Spent the weekend roaming the hills of Kentucky touring various distilleries and sampling the wares created from at least 51% corn. We had originally intended on taking in a football matchup in Lexington Thursday evening but with the season in the tanks we diverted funds to a more worthwhile and pleasurable endeavor. We were able to visit Maker's Mark, Willet, Barton's and Jim Beam. Bulleit was on the agenda but they closed for the day just prior to our arrival.

From Left to Right:

1792 Port Finished Bourbon: From Barton's distillery. After aging, the bourbon spent another 2 years in Port Wine barrels. We tried this last night and it was damn fine. You could definitely detect the port flavors very similar to Angel's Envy

Maker's 46: Nothing fancy just a higher end version of Maker's with French Oak wood added during an extra aging process

Maker's 46 Cask Strength: Uncut 46 only available for purchase at the distillery. This batch came in at 109.6 proof. Have yet to try this one

Wathen's Kentucky Bourbon: Never heard of it or tried it. Hopefully it's good

I.W. Harper: This is a 15 year old bourbon once again available in the states as of this year. It was an export only product going to Japan.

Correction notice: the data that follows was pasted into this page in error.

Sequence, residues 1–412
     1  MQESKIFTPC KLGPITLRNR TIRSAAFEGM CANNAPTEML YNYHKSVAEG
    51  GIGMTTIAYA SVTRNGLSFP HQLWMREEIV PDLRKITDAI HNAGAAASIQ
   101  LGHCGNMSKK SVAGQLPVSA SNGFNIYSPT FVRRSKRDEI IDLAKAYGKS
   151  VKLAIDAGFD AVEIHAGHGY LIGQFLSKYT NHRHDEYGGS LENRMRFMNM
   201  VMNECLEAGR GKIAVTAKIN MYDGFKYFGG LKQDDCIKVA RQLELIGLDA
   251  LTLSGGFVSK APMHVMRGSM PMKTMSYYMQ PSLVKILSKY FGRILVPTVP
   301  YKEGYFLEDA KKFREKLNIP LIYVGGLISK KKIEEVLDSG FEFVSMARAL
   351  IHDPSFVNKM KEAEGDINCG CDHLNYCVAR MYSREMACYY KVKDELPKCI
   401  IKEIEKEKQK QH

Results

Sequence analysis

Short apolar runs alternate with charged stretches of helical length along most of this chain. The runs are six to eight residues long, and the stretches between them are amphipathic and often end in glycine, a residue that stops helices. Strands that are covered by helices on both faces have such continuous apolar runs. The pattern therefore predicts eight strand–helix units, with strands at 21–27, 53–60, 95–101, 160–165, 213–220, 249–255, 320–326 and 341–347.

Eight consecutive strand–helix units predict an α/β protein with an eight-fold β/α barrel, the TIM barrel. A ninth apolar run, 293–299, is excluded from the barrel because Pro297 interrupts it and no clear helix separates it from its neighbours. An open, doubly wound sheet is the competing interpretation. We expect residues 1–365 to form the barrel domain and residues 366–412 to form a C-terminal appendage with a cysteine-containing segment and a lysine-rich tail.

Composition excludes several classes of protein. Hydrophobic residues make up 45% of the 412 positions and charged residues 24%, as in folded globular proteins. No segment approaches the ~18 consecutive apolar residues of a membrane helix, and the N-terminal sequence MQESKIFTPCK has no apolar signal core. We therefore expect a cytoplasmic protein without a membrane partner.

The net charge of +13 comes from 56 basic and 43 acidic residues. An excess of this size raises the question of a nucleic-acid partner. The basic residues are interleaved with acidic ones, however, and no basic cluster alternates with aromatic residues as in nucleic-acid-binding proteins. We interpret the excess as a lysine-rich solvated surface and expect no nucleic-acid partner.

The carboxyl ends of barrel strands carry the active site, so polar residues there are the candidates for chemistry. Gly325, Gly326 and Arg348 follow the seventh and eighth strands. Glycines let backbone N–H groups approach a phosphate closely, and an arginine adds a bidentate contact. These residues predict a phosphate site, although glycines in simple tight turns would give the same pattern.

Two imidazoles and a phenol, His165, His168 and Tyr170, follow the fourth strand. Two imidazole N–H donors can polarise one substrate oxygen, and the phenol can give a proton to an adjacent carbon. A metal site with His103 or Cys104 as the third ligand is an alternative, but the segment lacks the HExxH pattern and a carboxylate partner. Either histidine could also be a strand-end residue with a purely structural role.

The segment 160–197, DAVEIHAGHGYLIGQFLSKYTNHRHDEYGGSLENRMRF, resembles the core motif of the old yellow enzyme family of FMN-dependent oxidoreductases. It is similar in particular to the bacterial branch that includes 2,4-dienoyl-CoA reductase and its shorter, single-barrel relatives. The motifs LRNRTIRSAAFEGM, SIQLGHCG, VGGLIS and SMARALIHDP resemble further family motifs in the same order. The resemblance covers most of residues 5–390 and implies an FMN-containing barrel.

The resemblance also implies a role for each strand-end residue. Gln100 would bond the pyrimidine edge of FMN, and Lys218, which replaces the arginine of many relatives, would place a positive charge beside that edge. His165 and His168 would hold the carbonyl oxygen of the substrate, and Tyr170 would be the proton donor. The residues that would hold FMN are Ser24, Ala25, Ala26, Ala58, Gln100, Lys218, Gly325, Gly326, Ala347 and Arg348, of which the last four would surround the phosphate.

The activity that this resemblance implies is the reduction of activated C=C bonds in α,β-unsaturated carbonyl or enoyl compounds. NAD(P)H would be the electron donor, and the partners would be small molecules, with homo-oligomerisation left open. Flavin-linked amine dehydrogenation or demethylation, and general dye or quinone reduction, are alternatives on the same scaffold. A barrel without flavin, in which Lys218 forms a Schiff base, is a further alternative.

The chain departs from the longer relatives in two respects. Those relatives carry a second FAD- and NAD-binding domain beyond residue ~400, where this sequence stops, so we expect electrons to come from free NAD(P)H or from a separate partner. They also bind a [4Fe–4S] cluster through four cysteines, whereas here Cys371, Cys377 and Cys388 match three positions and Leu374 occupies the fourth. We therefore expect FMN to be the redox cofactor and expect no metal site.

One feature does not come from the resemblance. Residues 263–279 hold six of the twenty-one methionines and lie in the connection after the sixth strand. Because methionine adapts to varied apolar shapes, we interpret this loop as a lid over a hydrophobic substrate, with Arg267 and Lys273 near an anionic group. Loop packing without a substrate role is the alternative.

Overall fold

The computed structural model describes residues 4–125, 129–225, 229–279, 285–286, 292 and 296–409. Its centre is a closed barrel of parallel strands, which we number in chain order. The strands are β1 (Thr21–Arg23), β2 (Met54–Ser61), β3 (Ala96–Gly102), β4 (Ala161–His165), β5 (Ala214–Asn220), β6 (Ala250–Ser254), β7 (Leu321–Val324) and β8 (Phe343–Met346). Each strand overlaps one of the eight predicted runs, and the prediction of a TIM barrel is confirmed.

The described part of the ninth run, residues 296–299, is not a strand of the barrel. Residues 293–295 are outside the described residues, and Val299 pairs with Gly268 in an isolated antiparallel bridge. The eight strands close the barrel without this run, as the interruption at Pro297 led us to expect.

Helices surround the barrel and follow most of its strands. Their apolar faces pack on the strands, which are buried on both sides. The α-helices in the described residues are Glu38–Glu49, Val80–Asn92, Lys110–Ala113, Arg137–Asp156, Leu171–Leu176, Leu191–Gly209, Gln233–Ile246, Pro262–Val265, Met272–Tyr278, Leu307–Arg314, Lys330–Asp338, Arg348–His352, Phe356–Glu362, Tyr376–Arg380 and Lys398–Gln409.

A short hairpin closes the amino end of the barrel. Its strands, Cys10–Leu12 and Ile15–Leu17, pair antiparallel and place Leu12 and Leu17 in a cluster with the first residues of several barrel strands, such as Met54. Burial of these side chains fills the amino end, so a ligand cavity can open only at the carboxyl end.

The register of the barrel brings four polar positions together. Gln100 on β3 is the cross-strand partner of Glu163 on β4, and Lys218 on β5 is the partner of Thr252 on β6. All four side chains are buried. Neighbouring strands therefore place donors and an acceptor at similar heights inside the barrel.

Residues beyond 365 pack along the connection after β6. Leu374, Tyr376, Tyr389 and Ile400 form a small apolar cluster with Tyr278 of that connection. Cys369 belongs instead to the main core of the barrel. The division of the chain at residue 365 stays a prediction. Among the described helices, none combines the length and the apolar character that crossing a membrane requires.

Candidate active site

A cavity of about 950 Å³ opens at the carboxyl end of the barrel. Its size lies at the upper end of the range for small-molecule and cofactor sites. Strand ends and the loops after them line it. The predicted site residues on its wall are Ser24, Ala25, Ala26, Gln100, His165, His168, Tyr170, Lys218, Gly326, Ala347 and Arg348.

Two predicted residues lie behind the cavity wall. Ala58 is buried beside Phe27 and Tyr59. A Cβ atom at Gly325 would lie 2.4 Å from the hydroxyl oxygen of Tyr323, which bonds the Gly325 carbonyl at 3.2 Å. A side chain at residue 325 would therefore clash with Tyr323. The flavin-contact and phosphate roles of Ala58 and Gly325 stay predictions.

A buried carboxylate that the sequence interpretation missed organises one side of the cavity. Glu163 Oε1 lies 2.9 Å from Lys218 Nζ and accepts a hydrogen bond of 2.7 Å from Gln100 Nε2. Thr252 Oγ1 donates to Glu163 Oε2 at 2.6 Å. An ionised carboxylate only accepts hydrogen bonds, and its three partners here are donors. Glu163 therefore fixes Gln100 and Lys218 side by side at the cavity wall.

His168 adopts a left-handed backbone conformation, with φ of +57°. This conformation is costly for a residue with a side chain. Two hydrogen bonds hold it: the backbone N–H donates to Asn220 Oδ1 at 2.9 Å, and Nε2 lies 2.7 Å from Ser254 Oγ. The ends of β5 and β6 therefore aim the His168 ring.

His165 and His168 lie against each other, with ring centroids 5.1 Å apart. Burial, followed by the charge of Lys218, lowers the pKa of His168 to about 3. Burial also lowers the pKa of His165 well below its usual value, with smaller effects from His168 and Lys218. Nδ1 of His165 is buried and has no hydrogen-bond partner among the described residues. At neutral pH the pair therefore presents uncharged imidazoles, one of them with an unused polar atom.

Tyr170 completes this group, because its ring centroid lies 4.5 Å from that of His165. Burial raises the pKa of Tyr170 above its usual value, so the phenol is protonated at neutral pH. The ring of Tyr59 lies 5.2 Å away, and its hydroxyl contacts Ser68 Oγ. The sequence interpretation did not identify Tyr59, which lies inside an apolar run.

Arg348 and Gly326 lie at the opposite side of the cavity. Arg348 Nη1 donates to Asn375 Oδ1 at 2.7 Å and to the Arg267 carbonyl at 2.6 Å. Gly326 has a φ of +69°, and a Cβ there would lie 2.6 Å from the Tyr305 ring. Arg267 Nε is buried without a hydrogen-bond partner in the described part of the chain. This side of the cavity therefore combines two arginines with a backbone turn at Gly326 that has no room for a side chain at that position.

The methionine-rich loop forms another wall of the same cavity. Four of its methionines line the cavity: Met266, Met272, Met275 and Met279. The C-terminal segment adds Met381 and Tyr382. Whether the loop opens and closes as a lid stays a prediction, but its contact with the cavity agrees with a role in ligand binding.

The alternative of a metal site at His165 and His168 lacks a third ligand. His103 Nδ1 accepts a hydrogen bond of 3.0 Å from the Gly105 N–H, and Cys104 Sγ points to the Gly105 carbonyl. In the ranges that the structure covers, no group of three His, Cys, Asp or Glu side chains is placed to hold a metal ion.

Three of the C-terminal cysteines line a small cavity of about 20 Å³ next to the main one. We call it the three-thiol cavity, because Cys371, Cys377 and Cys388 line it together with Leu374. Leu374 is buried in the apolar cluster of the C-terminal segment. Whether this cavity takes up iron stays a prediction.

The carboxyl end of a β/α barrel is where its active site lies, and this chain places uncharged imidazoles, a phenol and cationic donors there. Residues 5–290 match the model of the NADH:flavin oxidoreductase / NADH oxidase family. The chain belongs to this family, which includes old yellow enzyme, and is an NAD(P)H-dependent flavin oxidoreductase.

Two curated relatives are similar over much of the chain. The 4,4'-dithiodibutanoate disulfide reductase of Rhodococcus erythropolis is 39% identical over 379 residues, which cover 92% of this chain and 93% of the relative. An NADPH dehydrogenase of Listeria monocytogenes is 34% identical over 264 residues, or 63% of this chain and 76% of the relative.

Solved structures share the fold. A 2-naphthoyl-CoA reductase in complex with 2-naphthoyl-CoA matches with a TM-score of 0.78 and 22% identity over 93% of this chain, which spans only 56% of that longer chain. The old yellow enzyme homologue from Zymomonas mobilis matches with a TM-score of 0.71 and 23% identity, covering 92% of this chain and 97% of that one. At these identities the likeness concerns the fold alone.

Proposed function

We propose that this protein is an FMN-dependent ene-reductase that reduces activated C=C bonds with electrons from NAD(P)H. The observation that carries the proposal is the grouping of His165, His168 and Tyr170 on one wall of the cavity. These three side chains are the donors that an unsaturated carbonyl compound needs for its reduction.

Johnny Drum Private Stock: Produced by Willet distillery. Pretty tasty drink, it's a bit fiery due to the high rye content.

Willet Estate Single Barrel: This was aged 13 years and hand selected by the distillery for single barrel bottling. Only 169 bottles from this barrel. May have to save this for a special occasion.

WL Weller Special Reserve: A Buffalo Trace product. This is a very smooth, easy drinker. It is highly wheated making it sweeter versus fiery.

Jefferson's Ocean: This is the fancy stuffed aged at sea as it floats on a cargo ship. Supposedly the rocking back and forth on the ship forces the bourbon in and out of the barrel wood. Haven't opened it yet but it will be on this weekends playlist.

BTW, none of these will ever mingle with DCPs. Maybe a cube or two of ice or a few drops of water but that's it!